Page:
Now that you've won a World Golf Championships event, perhaps a major is next. Where are you most likely to win your first?

I've driven the ball straight and feel I have a chance at a U.S. Open, and I get a massive kick out of playing so many different shots in links golf. But I really love the way Augusta National plays. I like the difficulty of the short game and the strategy required to win there.

How many times have you played Pebble Beach?

Never played it, never seen it. I'll probably go the weekend before. I didn't want to play in the [AT&T Pebble Beach National Pro-Am] this year because the fairways and rough wouldn't be the same, and it just wouldn't have the same vibe. I didn't want to go there and then come back and be surprised in June.

I'm amazed a player of your caliber has never played Pebble.

I've played it on PlayStation many times.

Any added incentive knowing that a European hasn't won a U.S. Open since England's Tony Jacklin 40 years ago?

Not really.

Was Jacklin an important figure for a young English golfer?

His era came before I even watched golf on television, but he was one of the guys people wanted to emulate.

Was the U.S. Open a tournament you watched while growing up in England?

Not that much. The Masters, yes, but the U.S. Open not quite as much.

Which U.S. Open is unforgettable for you?

Just Payne Stewart in 1999. I was a huge Payne Stewart fan. I bought a lovely picture of Payne in that famous pose after he made the winning putt at Pinehurst.

You were a European tour rookie the last time the Open was played at Pebble Beach and didn't play in 2000. What do you remember about Tiger's 15-shot victory?

To win any tournament by 15, let alone a U.S. Open, it was a clinic of the highest order. He embarrassed the rest of the field.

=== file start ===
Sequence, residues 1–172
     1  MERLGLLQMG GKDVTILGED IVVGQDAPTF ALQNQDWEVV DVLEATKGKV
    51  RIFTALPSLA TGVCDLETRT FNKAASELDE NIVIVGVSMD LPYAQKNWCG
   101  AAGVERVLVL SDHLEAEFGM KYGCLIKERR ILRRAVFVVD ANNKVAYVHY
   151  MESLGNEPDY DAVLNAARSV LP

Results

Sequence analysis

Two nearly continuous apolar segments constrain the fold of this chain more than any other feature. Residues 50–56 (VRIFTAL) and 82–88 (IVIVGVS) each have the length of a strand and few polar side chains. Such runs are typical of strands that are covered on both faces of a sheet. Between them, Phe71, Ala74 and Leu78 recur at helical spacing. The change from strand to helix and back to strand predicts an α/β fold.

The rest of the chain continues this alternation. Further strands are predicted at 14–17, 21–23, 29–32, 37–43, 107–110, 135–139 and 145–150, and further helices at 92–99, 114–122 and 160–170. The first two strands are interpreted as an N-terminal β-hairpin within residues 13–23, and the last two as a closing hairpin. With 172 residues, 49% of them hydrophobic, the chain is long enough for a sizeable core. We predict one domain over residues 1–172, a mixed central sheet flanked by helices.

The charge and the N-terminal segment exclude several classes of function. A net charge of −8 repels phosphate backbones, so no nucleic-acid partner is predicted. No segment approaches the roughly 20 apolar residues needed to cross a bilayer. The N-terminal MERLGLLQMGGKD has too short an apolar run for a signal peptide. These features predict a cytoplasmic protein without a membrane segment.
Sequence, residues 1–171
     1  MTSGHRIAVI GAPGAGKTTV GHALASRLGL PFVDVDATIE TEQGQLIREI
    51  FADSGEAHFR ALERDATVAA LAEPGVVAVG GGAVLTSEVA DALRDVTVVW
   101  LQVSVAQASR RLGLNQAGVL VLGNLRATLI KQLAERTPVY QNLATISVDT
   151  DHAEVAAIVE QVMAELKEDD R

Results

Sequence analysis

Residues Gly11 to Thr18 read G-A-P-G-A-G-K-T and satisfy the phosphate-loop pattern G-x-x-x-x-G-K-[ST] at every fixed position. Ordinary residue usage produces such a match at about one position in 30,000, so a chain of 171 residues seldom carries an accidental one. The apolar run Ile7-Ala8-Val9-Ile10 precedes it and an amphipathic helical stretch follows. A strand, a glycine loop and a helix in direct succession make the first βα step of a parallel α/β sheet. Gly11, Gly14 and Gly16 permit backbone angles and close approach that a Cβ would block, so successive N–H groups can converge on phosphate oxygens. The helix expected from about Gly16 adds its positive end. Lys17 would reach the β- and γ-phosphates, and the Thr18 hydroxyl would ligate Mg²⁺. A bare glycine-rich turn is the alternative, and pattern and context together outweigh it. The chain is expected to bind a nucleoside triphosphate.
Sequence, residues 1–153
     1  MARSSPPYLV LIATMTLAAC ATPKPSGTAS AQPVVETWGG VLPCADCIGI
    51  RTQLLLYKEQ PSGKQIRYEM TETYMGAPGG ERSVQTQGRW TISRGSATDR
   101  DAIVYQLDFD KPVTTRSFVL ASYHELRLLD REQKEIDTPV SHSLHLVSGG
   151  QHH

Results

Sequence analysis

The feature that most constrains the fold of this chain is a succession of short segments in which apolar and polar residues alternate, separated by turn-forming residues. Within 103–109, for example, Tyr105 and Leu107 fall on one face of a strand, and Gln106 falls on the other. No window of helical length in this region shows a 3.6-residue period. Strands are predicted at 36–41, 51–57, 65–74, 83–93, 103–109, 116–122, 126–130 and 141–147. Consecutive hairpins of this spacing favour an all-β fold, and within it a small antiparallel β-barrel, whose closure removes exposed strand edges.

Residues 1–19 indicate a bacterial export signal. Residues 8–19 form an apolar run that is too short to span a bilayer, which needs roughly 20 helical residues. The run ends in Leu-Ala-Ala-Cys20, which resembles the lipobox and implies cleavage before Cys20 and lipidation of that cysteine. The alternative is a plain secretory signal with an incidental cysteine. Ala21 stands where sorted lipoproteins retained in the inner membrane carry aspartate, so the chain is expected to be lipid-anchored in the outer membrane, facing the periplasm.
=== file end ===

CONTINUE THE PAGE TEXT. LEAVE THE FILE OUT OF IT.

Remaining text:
What do you make of the Tiger saga?

It's his private life, and I don't know him away from the golf course. The only Tiger I know is No. 1 in the world, the most ruthless person I've ever seen, the most focused person I've ever seen. I don't understand how you hole 30-foot putts time and again. It's freaky. Defies all logic.

You've had a house at Lake Nona in Orlando for several years, but 2009 was the first year you lived there full-time with your wife and kids. Why?

I'd been playing the tour for five years, and it was tiring to go back and forth across the pond. So I asked Katie to give it a try, bring the kids over. It's worked out great; I've had my best year ever.

What do you like about America?

The relaxed living is nice, the fact that you can spend a lot of time outside, how family-oriented it is at Lake Nona. Getting home on a Sunday night is also nice.

You're OK with your kids growing up in America?

I don't see it as a problem, really.

Do they play golf?

Aimee-Leigh [8] and Luke [5] play a little. Luke is very sports-oriented. He loves anything with a ball, whether it's American football, baseball or golf. He's got something of me in him. He loves to win, and, fortunately, he can't stand losing. I enjoy that, and I like the passion he shows when he loses. I see that as a huge plus. That will make him get better at whatever he wants to do.

And Aimee-Leigh?

She's very into pets, clothes and occasionally sport when I can tempt her enough to get the clubs out. She's so talented when she tries, and has a beautiful swing.